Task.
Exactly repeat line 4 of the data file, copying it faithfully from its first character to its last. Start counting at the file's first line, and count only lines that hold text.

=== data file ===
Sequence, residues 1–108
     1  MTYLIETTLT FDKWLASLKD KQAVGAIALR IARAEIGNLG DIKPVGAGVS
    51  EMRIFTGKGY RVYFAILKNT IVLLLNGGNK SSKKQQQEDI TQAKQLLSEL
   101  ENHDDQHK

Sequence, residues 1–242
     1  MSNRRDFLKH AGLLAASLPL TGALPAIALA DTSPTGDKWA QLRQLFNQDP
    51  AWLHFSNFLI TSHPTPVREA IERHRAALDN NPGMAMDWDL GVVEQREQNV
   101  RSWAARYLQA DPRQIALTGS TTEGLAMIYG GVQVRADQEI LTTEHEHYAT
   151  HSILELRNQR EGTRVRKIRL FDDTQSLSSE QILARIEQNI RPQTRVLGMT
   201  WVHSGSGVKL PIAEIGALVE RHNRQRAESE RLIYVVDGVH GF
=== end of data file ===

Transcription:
   101  ENHDDQHK